On a 14 June:
2003 End of two days of refendum, by which voters in the Czech Republic endorse entry of their country into the European Union.
2003 In Pikeville, Kentucky, some sixty descendants of the Hatfield and McCoy families sign a peace treaty officially ending their feud.
2002 The stock of Alamosa Holdings (APS) is downgraded by Merrill Lynch from NT Neutral / LT Reduce-Sell to NT Reduce-Sell / LT Reduce-Sell and by Legg Mason from Hold to Sell. The stock retraces its partial recovery of the previous day (closing at $1.47. Its 12 Jun close was $1.10), opening at $1.30, making an intraday low of $1.09 and closing at $1.25.
2002 After Sprint Corp.PCS Group (PCS) cuts its subscriber growth forecast, its stock is downgraded by Merrill Lynch from NT Neural / LT Buy to NT Reduce-Sell / LT Neutral, by Morgan Stanley from Overweight to Equal weight, by JP Morgan from Buy to Market Perform, by Legg Mason from Hold to Sell, by Robert W. Baird from Market Outperform to Market Perform, by Salomon Smith Barney from Buy to Neutral, by SoundView Technology and by Wachovia from Buy to Hold, by Williams Capital, by Robertson Stephens, and by Thomas Weisel from Strong Buy to Buy. From the previous day's close of $5.99 the stock falls to an intraday low of $3.55 and closes at $3.90.
2001 Un millón de argelinos se manifiestan por la democracia y condenan la represión policial del régimen de Buteflika.
2000 In the biggest step toward peace since the end of the Korean War, the leaders of North and South Korea sign an agreement pledging to work for reconciliation and eventual reunification.
2000 The Southern Baptist Convention declares that women should no longer serve as pastors.
1997 El presidente croata Franjo Tudjman (1922 11 Dec 1999), que lidera la nacionalista-conservadora Unión Democrática Croata (HDZ), es reelegido para un nuevo mandato de cinco años.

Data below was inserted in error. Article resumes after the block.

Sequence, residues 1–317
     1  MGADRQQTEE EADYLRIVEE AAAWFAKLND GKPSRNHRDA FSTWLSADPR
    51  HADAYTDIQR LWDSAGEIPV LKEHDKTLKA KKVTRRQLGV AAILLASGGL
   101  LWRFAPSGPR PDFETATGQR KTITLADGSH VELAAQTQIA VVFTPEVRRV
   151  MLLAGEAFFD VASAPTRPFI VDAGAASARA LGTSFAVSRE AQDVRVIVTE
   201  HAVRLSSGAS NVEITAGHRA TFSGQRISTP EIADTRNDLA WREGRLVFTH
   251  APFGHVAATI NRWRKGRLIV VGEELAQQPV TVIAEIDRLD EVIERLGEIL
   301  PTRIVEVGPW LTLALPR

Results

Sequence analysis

1996 The FBI disclosed that the White House had obtained bureau background reports on at least 408 people without justification.
1996 World copper markets were thrown into turmoil following disclosure by Sumitomo Corp. that a rogue trader had hidden multibillion-dollar losses.
1993 Se celebra un referéndum en Malawi por el que se aprueba el multipartidismo en dicho país.
1991. The US government reported consumer prices had risen a modest 0.3% in May.
1989 La Academia de Bellas Artes de San Fernando recibe como pintor al poeta y dramaturgo gaditano Rafael Alberti (16 Dec 1902 28 Oct 1999) en un acto presidido por la Reina, por deseo expreso del nuevo académico.
1987 En las elecciones generales anticipadas en Italia, la Democracia Cristiana obtiene 234 escaños, el PCI 177, el Partido Socialista 94 y se produce un significativo progreso de los verdes (3 escaños).
1985 The 17-day hijack ordeal of TWA Flight 847 began as a pair of Lebanese Shiite Muslim extremists seized the jetliner shortly after takeoff from Athens, Greece. Milicianos chiítas libaneses se apoderan de un avión de la TWA con 147 pasajeros, cuando volaba de Atenas a Roma. El secuestro duró 16 días.
1985 Plus de frontière: Signature entre Européens des accords concernant la libre circulation des biens et des marchandises et sur la suppression graduelle des contrôles aux frontières des Etats Membres. Ce sont les accords de Schengen, une tranquille petite ville frontalière Franco-Luxembourgeoise.